I’ve been working on maps recently. It all started with Lara Trump. A few weeks ago she suggested that the average American would need to Google “Who are the Kurds, and why is America even over there fighting this war?” I was righteously offended by this comment, until I realized that in my case she was correct. I really couldn’t have shown you where Kurdistan was on a map.
My knowledge of world geography is not strong. And I think it’s gotten worse, in many ways, with the advent of the internet. With the availability of Google Earth and GPS and map programs, I no longer need to have a mental framework to picture where things are. I simply type an address and hit GO. The result has been a strangely disconnected sense of place. I no longer get lost, and I can always see where some city or place is, but I often have no idea of how things really relate to each other, how they connect. It wasn’t always this way.
As a child, my friend Piers was sent to an exclusive English boarding school. There he endured the usual privations of an elite British education: short trousers, Latin lessons, a giant rolling toaster turning out an unending stream of burnt toast. Most of this I view with healthy skepticism. However, there was one feature of his education that I think they got spot on. That had to do with the punishment meted out for bad behavior.
At this school, they didn’t use the cane. And they didn’t make students write out lines – “I will not talk in class” one hundred times or some such. Instead, students who got into trouble for breaking the rules were required to draw maps. Freehand. They would be given a particular part of the world, and told to reproduce a map with a certain number of countries, including a specified quantity of cities, rivers, roads and assorted other geographical features. Grab an atlas and get to work. The more often you got into trouble, the more maps you drew.
For what it’s worth, Piers became very good at geography. Years later, he was still able to reproduce from memory impressively detailed maps of Africa and South America.
I’ve decided that if I’m ever going to improve my grasp of geography, I need to be more like Piers. So this last month, I have started to draw maps.
My first attempts have been with the middle east. I’m spending time memorizing a map of that region. Now when I sit down in a coffee shop, I pull out a napkin and draw a rough map of Turkey, Syria, Iraq and Iran. I have the artistic ability of a tree stump – so my paper looks like a bunch of boxes stacked on top of each other. But still it’s starting to make sense. There’s Turkey – a big rectangle at the top. Syria runs into the bottom of the box, with Iraq off to the side, a smallish triangle shape with a much bigger box next to it with Iran written across it. I’ve got a finger of water near the bottom of the napkin marked Gulf, and a big patch on the left of the napkin with the Mediterranean on it. Then, to complete my efforts, I draw a rough circle in a dotted line around parts of Turkey, Syria and Iraq – and shade it in to represent Kurdish territory. It’s a terrible map, I realize. But for the first time I am finding my bearings in the middle east.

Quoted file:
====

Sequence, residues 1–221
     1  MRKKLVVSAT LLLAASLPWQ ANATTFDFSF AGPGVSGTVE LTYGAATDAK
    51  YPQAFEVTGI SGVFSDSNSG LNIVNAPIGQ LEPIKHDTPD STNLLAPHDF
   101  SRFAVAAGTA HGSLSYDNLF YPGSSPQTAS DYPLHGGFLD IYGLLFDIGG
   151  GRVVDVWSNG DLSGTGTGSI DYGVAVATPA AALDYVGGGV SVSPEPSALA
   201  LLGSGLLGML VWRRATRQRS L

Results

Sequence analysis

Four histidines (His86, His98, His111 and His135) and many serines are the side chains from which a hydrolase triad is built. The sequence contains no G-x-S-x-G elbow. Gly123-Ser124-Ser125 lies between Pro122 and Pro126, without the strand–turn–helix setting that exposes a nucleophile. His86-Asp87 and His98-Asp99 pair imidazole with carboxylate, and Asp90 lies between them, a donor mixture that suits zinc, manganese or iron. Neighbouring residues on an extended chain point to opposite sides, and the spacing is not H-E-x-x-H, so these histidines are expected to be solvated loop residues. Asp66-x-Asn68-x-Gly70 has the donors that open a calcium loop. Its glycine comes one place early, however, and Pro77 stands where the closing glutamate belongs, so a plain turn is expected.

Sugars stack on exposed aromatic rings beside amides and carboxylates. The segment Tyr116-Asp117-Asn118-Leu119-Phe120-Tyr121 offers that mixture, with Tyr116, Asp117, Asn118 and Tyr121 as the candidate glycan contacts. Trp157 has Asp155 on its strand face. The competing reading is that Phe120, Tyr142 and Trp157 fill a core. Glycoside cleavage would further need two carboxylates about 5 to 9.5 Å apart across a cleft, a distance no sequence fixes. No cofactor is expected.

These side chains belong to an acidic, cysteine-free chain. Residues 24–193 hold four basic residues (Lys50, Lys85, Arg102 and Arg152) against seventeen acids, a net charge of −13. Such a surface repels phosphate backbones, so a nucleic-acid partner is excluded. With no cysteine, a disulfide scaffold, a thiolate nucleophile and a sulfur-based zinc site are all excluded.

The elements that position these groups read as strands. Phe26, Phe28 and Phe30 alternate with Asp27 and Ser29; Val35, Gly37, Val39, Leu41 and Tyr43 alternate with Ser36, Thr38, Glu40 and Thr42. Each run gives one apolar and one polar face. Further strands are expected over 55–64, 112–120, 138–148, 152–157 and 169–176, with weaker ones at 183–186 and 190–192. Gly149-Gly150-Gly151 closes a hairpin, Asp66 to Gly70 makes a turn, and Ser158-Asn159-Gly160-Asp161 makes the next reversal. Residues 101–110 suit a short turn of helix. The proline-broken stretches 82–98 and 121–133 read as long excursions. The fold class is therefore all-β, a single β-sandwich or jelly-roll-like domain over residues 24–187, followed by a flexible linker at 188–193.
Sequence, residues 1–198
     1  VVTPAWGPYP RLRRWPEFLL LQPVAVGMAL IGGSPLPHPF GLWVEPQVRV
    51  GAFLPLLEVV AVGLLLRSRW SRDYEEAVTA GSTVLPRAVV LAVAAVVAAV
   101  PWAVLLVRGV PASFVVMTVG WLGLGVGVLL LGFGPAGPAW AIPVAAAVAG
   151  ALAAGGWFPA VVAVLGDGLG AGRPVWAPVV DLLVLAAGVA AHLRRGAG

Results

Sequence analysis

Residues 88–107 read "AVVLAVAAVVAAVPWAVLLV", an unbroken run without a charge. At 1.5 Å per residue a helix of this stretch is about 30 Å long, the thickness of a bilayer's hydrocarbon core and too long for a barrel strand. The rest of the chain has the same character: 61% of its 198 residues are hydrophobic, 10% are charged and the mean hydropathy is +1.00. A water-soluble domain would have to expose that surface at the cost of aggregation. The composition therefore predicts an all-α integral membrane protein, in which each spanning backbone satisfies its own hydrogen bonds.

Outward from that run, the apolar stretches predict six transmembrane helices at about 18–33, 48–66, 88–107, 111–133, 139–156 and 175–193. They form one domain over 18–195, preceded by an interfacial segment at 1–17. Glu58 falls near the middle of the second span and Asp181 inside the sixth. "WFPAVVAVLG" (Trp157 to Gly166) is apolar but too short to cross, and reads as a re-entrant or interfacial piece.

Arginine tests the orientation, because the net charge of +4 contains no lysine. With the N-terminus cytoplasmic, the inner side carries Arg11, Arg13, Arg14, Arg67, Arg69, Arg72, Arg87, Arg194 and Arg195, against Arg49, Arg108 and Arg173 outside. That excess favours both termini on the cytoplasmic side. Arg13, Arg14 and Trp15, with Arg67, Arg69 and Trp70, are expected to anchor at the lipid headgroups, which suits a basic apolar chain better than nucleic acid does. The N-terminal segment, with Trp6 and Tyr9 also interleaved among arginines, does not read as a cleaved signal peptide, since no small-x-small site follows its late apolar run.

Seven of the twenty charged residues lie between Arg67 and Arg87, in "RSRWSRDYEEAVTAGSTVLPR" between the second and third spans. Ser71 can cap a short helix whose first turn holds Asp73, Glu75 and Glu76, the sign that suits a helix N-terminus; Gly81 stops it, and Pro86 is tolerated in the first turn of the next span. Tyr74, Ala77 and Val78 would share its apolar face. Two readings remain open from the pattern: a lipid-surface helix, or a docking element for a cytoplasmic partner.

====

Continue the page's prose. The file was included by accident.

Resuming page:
I’m trying the same with Elkhart. With the elections coming up, I’ve tried to learn the boundaries of our six electoral districts. That’s a challenging map to draw – in many ways more complicated than the middle east. If you don’t believe me, check out the shape of District Four. It looks like a melted tennis racket.
I’m not proud of my lack of geographical sense. But I’m determined to get better. And I’m reminded that knowing maps is not the end of the process, but the beginning of something more important.
As a former president put it:
The study of geography is about more than just memorizing places on a map. It's about understanding the complexity of our world, appreciating the diversity of cultures that exists across continents. And in the end, it's about using all that knowledge to help bridge divides and bring people together. (Barack Obama)
So go on, Michiana, draw a map this week. And then use your knowledge to bring people together.
Music: Theme from "Where in the World is Carmen Sandiego"